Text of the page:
If there’s any debate, that’s it. Some fans have said yes; some fans have said no. Some Hall of Fame broadcasters have been verbally scathing toward Votto’s unapologetic willingness to walk and not expand the zone, and others, such as Doug Gray from RedsMinorLeagues.com, have offered the following in response:
Joey Votto on balls out of the zone: .211 AVG, .315 SLG. On balls in the zone: .378 AVG, .682 SLG. Why would anyone say he should expand?
— Doug Gray (@dougdirt24) March 24, 2015
And that’s where the smoke and mirrors come in. Because professionals like Marty Brennaman, Paul Daugherty and, to a degree, Bob Nightengale (his BP interview was slanted and misleading—see this article by Wick Terrell of Red Reporter for more) have absolutely nothing to validate their rationale. And in the absence of any data that proves extending the strike zone and sacrificing outs for runs win more games, they’ve masterfully turned the topic on its head.
If the fact that we’re discussing whether RBI or OBP is more important sounds silly, it’s because it’s meant to be. It’s the quintessential straw man.
Today, it’s not about whether Votto’s still uber-valuable to the Reds, hitting .305 with an OBP in the high .400s without 25 home runs and 100 RBI—because of course he is. There’s nothing, nothing out there to suggest the opposite. So they change the discussion.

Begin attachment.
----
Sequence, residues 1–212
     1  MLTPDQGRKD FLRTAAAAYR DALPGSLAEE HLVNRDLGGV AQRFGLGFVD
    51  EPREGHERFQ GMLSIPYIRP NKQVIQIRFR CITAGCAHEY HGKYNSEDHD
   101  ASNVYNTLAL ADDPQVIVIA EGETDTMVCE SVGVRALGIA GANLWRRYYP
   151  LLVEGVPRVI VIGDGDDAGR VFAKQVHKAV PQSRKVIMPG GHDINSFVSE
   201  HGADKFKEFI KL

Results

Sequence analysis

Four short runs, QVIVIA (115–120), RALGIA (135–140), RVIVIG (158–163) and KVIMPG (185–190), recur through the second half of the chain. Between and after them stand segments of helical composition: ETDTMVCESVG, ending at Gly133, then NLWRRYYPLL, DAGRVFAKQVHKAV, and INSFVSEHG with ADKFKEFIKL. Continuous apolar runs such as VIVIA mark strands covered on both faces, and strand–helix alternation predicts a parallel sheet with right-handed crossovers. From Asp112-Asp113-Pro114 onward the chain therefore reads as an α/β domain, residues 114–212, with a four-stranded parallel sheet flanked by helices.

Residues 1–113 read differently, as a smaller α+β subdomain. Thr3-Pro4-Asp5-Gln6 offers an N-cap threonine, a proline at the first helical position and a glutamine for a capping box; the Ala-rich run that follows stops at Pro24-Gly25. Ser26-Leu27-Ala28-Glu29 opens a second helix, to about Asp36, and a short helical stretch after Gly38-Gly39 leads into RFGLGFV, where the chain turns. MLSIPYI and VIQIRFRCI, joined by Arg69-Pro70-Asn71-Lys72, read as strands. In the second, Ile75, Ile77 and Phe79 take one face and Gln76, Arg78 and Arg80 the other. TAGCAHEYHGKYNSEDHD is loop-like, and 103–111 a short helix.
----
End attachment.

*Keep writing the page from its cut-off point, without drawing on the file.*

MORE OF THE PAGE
More from Paul Daugherty’s blog:
Nobody seems to want to answer the question, only to insult me: If no one drives you in, what does it matter that you get on base? If scoring runs is the object — and I believe it is — OBP is not the full answer. Is it?
Simply visit the link and find numerous answers to his question. Whether he reads them is another matter.
But are those advocating for Votto’s approach really trying to tell us that OBP is more valuable than RBI? Or are they just trying to tell us that Votto’s production circa 2013, his last healthy season, is still pivotal to the Reds’ success? That it’s still extremely valuable and desirable?
The point is, Votto doesn’t need to perform like he did in 2010 to validate his contract, because if runs are the objective—and like Daugherty, I too believe they are—then when Votto leads all of baseball in runs created like he did in 2013, a year he drove in only 73 RBI, it becomes alarmingly transparent that RBI are a weak measure of merit.
But if RBI are a weak measure of merit, how would Brennaman, Daugherty and Nightengale defend their convictions?
That’s the point. Creating an OBP vs. RBI scenario deflects attention from what is simply misguided criticism on behalf of experts who have to know better. It’s a refusal to admit that Votto’s approach is stunningly satisfying and quite conducive to the Reds winning, without all the bells and whistles of RBI and home runs.
It’s a refreshingly modern approach to judging a player and what he really brings to your team. A more honest approach to tell their story. Those who have nothing to hide embellish and welcome the new dialogue. Those who don’t do this.
And that’s why in Cincinnati, we’re currently talking about whether runs or guys getting on base win baseball games instead.
*Stats courtesy of Baseball-Reference.com unless otherwise noted.